China’s Supreme Court rules in favour of Dior for perfume trademark – Last week, China’s Supreme People’s Court (SPC) ruled in favour of French fashion brand Christian Dior, overturning two rulings by lower courts. Dior had filed suit against China’s Trademark Review and Adjudication Board (TRAB), after the trademark office rejected its application for a mark for a perfume bottle in 2015. The French company subsequently appealed its case to the TRAB but this was also rejected. The SPC has now overturned these prior decisions, noting that the trademark office had procedural flaws when processing the application, and requesting that the TRAB review the application once more. (TA)

Market Radar:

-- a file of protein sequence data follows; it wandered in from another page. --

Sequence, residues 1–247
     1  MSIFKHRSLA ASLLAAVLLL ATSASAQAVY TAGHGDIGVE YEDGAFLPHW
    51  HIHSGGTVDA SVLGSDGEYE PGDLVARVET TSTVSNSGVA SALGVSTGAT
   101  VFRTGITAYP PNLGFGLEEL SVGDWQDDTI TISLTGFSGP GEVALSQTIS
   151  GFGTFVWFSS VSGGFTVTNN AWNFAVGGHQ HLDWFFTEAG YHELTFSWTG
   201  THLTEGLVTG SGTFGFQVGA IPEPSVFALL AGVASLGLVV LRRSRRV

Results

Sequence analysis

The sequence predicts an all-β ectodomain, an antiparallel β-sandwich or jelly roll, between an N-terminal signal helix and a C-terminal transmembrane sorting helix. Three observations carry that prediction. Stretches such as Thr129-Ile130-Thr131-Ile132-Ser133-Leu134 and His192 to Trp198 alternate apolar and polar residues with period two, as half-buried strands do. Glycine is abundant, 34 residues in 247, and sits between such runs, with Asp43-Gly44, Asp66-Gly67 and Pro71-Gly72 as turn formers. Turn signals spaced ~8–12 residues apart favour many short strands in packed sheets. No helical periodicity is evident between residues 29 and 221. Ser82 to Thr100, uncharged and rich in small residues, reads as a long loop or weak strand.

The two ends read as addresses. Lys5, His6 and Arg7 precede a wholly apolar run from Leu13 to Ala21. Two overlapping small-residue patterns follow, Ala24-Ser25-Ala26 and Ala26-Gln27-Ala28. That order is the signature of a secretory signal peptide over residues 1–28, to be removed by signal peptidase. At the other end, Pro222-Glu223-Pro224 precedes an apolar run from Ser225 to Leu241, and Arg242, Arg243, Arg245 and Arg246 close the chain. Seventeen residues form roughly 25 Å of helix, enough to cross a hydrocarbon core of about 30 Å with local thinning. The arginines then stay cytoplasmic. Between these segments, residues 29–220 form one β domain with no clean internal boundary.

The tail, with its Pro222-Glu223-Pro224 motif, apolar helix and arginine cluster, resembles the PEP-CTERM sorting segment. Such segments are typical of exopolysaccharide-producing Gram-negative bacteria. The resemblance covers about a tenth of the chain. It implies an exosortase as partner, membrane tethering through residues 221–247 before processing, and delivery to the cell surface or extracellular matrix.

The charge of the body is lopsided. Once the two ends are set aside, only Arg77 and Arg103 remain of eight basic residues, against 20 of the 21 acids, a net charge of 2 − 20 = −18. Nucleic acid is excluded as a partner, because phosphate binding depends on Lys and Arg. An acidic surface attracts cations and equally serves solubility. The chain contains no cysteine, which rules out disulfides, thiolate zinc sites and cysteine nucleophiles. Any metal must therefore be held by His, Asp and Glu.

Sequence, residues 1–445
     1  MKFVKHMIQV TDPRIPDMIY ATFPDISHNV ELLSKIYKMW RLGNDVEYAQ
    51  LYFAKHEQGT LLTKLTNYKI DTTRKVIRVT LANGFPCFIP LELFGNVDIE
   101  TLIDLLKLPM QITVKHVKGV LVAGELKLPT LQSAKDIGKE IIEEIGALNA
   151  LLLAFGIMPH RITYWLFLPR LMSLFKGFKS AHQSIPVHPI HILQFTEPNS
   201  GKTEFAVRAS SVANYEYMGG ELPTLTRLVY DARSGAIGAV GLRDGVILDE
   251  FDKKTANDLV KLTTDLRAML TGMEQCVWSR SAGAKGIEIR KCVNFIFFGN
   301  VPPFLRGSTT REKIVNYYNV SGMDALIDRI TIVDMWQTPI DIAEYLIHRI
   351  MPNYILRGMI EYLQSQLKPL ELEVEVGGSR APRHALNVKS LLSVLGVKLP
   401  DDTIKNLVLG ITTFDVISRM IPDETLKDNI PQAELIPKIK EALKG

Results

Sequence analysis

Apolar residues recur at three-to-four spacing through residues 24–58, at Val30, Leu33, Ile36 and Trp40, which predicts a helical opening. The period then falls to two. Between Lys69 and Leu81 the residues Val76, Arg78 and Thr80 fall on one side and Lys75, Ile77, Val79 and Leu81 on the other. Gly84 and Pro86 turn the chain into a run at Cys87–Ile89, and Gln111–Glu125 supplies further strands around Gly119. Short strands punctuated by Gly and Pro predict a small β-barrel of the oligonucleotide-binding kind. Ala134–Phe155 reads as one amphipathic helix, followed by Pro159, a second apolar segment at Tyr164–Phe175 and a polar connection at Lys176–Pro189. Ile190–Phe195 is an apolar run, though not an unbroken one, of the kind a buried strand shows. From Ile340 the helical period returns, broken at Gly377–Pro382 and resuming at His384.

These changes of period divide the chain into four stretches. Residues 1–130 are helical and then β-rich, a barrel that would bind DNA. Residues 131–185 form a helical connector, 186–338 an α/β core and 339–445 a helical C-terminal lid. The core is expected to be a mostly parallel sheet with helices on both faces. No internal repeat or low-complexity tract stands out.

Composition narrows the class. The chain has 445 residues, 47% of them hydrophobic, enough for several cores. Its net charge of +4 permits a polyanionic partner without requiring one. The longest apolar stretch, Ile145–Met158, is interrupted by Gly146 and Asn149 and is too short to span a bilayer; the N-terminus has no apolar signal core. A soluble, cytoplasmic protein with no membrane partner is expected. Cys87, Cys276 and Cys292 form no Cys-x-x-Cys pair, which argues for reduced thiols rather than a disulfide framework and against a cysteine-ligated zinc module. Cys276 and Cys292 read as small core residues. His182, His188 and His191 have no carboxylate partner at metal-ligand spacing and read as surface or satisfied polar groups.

Beverage brands idle on Twitter – Two weeks ago, we wrote about popular UK pub brand JD Wetherspoon leaving Twitter and Facebook. In announcing the decision, the company’s chairman Tim Martin explained that the company was “going against conventional wisdom that these platforms are a vital component of a successful business”. However, new research more brands are not engaging users on the Twitter platform – at least in the beverage industry. The study, carried out by YesMore and first reported by DrinkBusiness, has found that 40% of more than 100 spirits and liqueur company Twitter accounts have not posted any content in at least a month. Beyond that, over 32% have not posted in the past three months, and 20% have not posted in over a year. Some of the brands that have not posted for months include Bacardi (with over 100,000 followers) and Beefeater (with over 3,000 followers). The report suggests, then, that companies with many sub-brands are struggling to keep up with the sheer amount of social media platforms they are expected to maintain. “It’s clear that brands are suffering with too many channels and profiles across multiple territories – they are simply getting overwhelmed with places which they are supposed to post content – and the days of ‘getting the intern to do it’ are long gone,” said a YesMore representative. “It seems that some brands need to reinvent how they use social media to come up with a strategy that works across all platforms with whatever level of resource and investment the brand has.” While this research only covers beverage brands, it’s not a great leap to consider that other sectors are facing similar social media challenges. (TJL)